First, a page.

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Reduced SERCA activity underlies dysregulation of Ca2+ homeostasis under atmospheric O2 levels

Research output: Contribution to journalArticle

Original languageEnglish
Pages (from-to)2531-2538
JournalTHE FASEB JOURNAL : OFFICIAL PUBLICATION OF THE FEDERATION OF AMERICAN SOCIETIES FOR EXPERIMENTAL BIOLOGY
Volume32
Early online date26 Apr 2018
DOIs
Publication statusE-pub ahead of print - 26 Apr 2018

King's Authors

Abstract

Unregulated increases in cellular Ca2+ homeostasis are a hallmark of pathophysiological conditions and a key trigger of cell death. Endothelial cells cultured under physiologic O2 conditions (5% O2) exhibit a reduced cytosolic Ca2+ response to stimulation. The mechanism for reduced plateau [Ca2+]i upon stimulation was due to increased sarco/endoplasmic reticulum Ca2+ ATPase (SERCA)-mediated reuptake rather than changes in Ca2+ influx capacity. Agonist-stimulated phosphorylation of the SERCA regulatory protein phospholamban was increased in cells cultured under 5% O2. Elevation of cytosolic and mitochondrial [Ca2+] and cell death after prolonged ionomycin treatment, as a model of Ca2+ overload, were lower when cells were cultured long-term under 5% compared with 18% O2. This protection was abolished by cotreatment with the SERCA inhibitor cyclopiazonic acid. Taken together, these results demonstrate that culturing cells under hyperoxic conditions reduces their ability to efficiently regulate [Ca2+]i, resulting in greater sensitivity to cytotoxic stimuli.—Keeley, T. P., Siow, R. C. M., Jacob, R., Mann, G. E. Reduced SERCA activity underlies dysregulation of Ca2+ homeostasis under atmospheric O2 levels.

It is well established that routine cell culture under standard conditions (18% O2 at sea level) is far removed from the physiologic milieu with respect to O2 (1, 2). In comparison with the culture of cells under physiologic (3–5%) O2, a significant impact of hyperoxic culture has been demonstrated in macrophages (3), endothelial cells (ECs) (4–6), stem cells (7), and leukocytes (8). We have recently described the consequences of long-term culture of ECs under physiologic (5%) O2 levels on nuclear factor E2–related factor 2 (4) and NO signaling (6).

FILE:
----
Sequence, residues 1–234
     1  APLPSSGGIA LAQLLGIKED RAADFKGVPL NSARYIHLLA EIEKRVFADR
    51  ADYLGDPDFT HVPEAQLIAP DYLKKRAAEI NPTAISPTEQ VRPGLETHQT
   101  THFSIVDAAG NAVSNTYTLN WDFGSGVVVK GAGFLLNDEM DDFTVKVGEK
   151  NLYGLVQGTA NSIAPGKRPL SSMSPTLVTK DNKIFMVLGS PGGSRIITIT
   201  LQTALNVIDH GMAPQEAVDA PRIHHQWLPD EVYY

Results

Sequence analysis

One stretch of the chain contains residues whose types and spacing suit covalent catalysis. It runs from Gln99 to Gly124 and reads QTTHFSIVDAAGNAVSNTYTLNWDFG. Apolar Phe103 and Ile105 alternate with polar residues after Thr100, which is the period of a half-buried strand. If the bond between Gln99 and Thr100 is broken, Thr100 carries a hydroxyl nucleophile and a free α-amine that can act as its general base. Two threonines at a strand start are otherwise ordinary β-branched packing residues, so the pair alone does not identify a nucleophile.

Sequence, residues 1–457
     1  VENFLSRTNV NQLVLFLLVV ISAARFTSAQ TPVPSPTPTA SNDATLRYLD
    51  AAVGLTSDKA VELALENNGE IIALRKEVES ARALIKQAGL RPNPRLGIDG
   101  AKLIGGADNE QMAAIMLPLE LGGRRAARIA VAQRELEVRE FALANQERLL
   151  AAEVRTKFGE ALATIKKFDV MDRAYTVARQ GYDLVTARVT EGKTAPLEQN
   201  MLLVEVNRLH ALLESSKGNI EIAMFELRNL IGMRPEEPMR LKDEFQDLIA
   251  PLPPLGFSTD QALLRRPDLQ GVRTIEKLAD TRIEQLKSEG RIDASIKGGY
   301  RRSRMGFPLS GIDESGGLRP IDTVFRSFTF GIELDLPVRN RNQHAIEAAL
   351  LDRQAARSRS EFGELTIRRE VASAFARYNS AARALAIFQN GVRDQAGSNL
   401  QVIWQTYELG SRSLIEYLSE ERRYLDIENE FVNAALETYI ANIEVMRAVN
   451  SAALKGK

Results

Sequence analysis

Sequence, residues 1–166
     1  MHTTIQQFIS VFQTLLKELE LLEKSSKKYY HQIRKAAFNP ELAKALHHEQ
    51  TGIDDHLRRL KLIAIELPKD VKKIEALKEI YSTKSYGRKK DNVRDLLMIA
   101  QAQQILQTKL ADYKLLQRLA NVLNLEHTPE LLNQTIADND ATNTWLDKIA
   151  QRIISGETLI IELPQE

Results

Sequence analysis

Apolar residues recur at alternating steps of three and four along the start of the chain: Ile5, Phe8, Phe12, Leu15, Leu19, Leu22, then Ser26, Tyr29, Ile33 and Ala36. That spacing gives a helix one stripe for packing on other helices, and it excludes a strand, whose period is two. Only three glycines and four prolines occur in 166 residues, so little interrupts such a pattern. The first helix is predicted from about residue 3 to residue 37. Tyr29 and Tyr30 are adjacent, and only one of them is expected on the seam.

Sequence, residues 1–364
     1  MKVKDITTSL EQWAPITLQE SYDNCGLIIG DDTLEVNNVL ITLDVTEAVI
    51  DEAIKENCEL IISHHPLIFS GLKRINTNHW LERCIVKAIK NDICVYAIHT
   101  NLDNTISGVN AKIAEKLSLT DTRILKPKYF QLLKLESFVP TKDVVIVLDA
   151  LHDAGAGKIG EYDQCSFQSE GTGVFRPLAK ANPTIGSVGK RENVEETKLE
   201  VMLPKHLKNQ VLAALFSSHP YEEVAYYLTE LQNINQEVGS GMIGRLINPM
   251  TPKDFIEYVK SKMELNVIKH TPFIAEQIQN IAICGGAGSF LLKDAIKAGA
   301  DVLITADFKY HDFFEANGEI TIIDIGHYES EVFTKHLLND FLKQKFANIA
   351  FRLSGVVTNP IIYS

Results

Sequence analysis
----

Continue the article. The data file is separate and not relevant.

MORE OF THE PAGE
The influence of O2 on Ca2+ signaling has been widely studied in specialized O2-sensing cells such as those in the carotid body and pulmonary arteries (2). These cells possess O2-sensitive channels (Kv1.2/5) through which a rapid and sustained inward current is detectable upon reduction in cytosolic O2 (9). In the absence of Kv1.2/5 channel expression, the influence of O2 on Ca2+ signaling in nonexcitable cells is more complex. During acute hypoxia (1–3% O2), increased influx through the Na+:Ca2+ exchanger (NCX) has been demonstrated in HUVECs (10) and chondrocytes (11), whereas a verapamil-sensitive influx has been observed in mesangial cells (12). Reactive oxygen species–mediated alterations in the sensitivity of ryanodine receptors also contribute to changes in Ca2+ homeostasis in saphenous vein ECs (13) and C2C12 skeletal muscle microtubules (14) under hypoxic conditions. We have previously reported reduced plateau [Ca2+]i in response to agonist stimulation in HUVECs cultured at 5% O2, conditions under which no change in basal redox phenotype is detectable (4). In this study, we characterize the mechanisms underlying this reduced plateau [Ca2+]i and provide evidence that physiologic normoxia enhances cytoplasmic Ca2+ clearance via the sarco/endoplasmic reticulum Ca2+ ATPase (SERCA), protecting ECs against Ca2+-induced cell death.

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